Who will make the next move? Any bets?
You can hear all of Bob’s conversation with the new AG here.
Brigham and Women’s Hospital in Boston said it’ll review its safety measures and protocols Wednesday after the fatal shooting of a doctor there Tuesday. The doctor, Michael Davidson, 44, was pronounced dead late Tuesday.
Investigators say the gunman, identified by police as 55-year-old Stephen Pasceri, of Millbury, deliberately targeted Davidson. Police say Pasceri died from an apparent self-inflicted gunshot wound.
It’s the type of situation the hospital’s chief operating officer, Dr. Ron Walls, says all hospital staff have been carefully trained to address.
“There is no amount of preparation anyone can do that completely eliminates the prospect of this kind of tragic event happening,” Walls said. “But we do believe we have a responsibility, and we’re working hard to meet that responsibility to have all of our people completely prepared in the best way we can so that when something like this happens — if it happens, and whatever happens– our staff is able to respond.”
John Erwin, the executive director of the Conference of Boston Teaching Hospitals, joins Morning Edition to discuss safety measures at area hospitals.
To hear the full interview with Erwin, click on the audio player above.
This post has been updated.
WBUR reports that the doctor shot at Brigham & Women’s Hospital yesterday has died:
A cardiac surgeon was shot inside Boston’s Brigham and Women’s Hospital Tuesday and later succumbed to his injuries, police said, and the suspected shooter was found dead in an examination room from an apparent self-inflicted gunshot wound.
“This evening, Dr. Michael J. Davidson, director of Endovascular Cardiac Surgery at Brigham and Women’s Hospital, has tragically died as a result of the gunshot wounds he sustained this morning during the shooting event at the Shapiro Cardiovascular Center,” the hospital said in a statement late Tuesday.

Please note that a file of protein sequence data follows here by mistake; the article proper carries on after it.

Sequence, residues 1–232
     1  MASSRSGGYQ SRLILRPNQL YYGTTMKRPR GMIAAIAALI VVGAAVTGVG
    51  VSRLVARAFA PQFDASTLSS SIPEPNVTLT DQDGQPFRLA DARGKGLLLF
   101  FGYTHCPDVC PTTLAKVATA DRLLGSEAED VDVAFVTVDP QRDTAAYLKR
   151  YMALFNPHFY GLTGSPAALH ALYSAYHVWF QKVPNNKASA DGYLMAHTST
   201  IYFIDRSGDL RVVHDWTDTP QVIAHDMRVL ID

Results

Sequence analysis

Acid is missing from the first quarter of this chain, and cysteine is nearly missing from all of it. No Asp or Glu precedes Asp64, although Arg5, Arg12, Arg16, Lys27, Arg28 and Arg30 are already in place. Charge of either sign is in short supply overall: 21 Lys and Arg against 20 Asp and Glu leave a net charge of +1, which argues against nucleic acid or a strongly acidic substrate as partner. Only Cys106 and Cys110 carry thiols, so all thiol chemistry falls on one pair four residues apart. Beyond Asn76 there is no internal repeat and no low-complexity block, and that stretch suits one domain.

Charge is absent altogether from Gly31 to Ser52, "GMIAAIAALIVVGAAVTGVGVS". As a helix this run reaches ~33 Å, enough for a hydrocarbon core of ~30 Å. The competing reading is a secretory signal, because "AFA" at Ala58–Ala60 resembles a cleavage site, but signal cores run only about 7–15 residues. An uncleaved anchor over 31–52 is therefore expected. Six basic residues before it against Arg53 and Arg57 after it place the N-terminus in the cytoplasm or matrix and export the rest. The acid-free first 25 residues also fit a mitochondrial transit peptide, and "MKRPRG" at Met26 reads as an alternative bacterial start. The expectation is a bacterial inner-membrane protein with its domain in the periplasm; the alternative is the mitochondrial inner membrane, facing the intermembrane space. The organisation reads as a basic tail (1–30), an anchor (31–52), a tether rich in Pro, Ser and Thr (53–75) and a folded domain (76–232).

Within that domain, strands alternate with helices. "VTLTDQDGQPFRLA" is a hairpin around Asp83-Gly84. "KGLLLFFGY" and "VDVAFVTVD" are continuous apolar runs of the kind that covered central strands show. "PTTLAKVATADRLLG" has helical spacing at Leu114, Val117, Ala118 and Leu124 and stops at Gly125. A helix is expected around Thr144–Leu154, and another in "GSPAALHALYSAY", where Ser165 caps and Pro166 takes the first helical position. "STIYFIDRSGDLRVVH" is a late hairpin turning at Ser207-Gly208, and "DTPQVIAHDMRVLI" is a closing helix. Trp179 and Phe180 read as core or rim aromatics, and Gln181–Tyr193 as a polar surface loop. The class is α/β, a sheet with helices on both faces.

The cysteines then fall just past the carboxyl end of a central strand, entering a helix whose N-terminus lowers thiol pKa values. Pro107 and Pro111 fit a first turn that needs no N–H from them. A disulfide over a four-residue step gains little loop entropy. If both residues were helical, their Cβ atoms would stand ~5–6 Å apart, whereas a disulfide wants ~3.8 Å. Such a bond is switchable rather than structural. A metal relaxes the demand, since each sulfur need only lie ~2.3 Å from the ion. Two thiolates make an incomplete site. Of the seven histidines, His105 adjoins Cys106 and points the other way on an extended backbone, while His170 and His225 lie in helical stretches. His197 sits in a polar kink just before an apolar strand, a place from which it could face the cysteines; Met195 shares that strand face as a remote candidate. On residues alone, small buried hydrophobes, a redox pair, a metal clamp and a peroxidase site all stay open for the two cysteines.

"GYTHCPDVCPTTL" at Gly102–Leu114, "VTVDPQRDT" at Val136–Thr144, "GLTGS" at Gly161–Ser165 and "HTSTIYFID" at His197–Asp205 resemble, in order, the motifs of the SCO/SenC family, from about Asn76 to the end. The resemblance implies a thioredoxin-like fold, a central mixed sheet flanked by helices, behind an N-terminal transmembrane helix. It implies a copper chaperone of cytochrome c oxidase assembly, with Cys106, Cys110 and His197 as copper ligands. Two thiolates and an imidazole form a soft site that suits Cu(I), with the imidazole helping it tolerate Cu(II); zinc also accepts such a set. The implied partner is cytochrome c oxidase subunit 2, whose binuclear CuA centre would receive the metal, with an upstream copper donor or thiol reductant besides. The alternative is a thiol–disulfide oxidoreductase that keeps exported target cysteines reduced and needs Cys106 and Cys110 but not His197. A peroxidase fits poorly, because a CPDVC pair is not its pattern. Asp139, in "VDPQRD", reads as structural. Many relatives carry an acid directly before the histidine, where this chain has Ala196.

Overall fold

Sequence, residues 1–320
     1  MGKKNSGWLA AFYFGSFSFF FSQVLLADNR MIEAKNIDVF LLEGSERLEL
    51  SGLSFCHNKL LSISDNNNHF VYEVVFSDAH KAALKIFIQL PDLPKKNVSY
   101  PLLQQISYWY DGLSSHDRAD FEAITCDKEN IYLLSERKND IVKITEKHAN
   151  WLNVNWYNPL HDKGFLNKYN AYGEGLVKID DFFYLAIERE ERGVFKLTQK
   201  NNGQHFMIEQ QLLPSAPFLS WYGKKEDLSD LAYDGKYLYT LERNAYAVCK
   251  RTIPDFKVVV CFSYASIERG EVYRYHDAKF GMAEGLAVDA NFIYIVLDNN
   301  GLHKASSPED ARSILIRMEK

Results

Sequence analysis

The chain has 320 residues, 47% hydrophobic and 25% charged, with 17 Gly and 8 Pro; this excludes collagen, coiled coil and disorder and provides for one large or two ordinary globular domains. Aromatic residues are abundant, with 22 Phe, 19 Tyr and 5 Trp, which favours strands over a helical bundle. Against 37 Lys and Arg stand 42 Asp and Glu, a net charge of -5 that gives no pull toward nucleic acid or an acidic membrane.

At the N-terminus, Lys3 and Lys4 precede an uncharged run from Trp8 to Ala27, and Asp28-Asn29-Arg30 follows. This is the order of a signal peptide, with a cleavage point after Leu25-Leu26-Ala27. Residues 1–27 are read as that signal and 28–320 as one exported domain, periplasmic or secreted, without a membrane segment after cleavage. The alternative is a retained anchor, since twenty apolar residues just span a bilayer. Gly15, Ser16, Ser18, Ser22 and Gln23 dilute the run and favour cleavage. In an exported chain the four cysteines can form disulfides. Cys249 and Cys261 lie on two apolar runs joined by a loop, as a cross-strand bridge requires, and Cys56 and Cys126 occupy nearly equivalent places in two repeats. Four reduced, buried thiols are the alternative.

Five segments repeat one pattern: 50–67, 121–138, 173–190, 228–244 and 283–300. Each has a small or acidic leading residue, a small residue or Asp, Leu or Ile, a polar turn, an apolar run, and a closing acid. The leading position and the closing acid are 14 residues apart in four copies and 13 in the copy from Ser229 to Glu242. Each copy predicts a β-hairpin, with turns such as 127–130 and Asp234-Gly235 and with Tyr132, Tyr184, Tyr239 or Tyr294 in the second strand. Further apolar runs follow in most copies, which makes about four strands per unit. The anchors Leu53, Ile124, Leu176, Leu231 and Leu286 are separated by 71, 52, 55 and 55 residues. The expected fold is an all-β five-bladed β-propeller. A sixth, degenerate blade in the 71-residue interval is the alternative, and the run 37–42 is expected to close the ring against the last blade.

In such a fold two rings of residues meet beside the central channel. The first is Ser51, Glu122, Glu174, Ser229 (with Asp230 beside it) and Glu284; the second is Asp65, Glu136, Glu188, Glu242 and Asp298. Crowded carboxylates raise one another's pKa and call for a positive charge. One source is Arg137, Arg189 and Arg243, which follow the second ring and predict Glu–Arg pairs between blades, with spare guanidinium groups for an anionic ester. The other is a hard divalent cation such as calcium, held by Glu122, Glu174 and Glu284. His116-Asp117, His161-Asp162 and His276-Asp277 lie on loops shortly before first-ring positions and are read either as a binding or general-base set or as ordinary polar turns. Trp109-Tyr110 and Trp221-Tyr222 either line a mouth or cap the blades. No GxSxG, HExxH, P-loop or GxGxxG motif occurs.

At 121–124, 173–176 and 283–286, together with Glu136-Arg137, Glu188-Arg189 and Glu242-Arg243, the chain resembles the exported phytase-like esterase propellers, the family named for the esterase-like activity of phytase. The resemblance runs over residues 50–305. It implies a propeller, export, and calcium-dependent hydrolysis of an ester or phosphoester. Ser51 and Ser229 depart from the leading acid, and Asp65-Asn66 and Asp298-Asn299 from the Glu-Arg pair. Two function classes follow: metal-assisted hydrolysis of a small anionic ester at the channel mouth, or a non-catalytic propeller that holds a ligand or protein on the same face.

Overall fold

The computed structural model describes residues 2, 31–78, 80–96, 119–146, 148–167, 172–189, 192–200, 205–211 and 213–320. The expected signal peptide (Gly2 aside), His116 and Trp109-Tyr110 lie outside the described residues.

The 44-year-old from Wellesley was shot twice, Boston Police Commissioner William Evans said in a midday news conference, before Davidson died.
“Dr. Davidson was a wonderful and inspiring cardiac surgeon who devoted his career to saving lives and improving the quality of life of every patient he cared for,” the hospital statement added. “It is truly devastating that his own life was taken in this horrible manner.”
A former Brigham & Women’s cardiologist who worked with Davidson often called him “a dynamic and energetic thought leader in cardiovascular medicine.”
Hospital employees had been well-drilled for this disturbing eventuality.
In November 2013 we reported that about 1,200 Brigham doctors, nurses and other staff viewed the hospital’s new “Active Shooter Preparedness Training” video, which offers a step-by-step guide on how to handle a hospital shooter, which in some cases is called a “Code Silver.” Continue reading
By James Morris
One of the the most exciting aspects of the recent discovery of the new antibiotic teixobactic was the way scientists discovered it — and where.
The antibiotic comes from a bacterium that was found in a sample of soil from Maine. To uncover it, scientists used a new technique that allowed them to screen bacteria for antibiotics without growing them in culture, opening the door to finding newer, more potent and less resistant antibiotics in the future.
It’s worth noting that teixobactic is not the only antibiotic that comes from a bacterium. In fact, many of our antibiotics come from bacteria and other microbes, and many of our medicines come from nature. It’s one of the benefits of biodiversity.
Recently, I was teaching a class on biodiversity to college students. To get them thinking about how we benefit from species richness, I asked the class to name a couple of medicines that derive from nature.